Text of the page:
not when you start to have too many tools.
part of your value is being experienced in a language. you can't do that if you are spread thin amongst too many.
As a 50-year-old, I'm inclined to agree with the statement that there is such a thing as too many tools, but not for the same reason. Expertise and experience are important, no question about that. But both are often easily transferred from one language or framework to the next. For my part, I'm quite enjoying working with NodeJS, Angular, NoSQL and a bunch of things that take significantly different approaches to problems I've been solving my entire career.
But a problem I face quite often these days is trying to apply the toolkit approach with newer software. On any decent POSIX-supporting platform, you can generally leverage libraries and modules for just about anything and still expect at least a modicum of consistency. Each tool has its own quirks and foibles and strengths, all of which need to be understood, but with a bit of time and perseverance, these can be coped with.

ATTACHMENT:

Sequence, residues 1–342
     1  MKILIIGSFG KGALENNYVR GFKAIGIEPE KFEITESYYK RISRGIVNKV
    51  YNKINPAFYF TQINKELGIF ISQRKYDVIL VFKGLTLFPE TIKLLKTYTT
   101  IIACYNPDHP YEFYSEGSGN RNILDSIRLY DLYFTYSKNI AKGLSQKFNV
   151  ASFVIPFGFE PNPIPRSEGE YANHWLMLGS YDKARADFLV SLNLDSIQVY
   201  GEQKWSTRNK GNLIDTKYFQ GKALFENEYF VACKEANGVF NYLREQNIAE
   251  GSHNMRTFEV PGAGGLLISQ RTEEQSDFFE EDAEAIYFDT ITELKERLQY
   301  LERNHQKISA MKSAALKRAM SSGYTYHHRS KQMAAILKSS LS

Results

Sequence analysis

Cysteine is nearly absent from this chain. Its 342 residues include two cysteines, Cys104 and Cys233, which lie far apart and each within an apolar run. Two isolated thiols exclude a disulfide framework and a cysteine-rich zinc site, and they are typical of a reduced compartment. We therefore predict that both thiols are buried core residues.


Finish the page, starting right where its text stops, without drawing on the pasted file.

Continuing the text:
But the application I'm working on right now requires the integration of an Angular framework with UI elements derived from JQuery, D3 and Bootstrap as well as one or two products of the inspiration of some young developers who are clever but sadly too confident in their own abilities. Trying to reconcile them all has resulted in a LOT of time spent pondering, refactoring and coping with bugs that inevitably result from using the tool in a way that wasn't foreseen by enthusiastic but inexperienced developers.
So far, the benefits have outweighed the costs, but there's a fine line between saving time by appropriating others' tools and wasting time shaving a very big, hairy yak.
I like many of the new technologies I'm using, and I love learning new tricks, notwithstanding the few grey hairs remaining on my shining dome. But yes, there is such a thing as too many tools. And many young developers these days are going to have to learn that the hard way.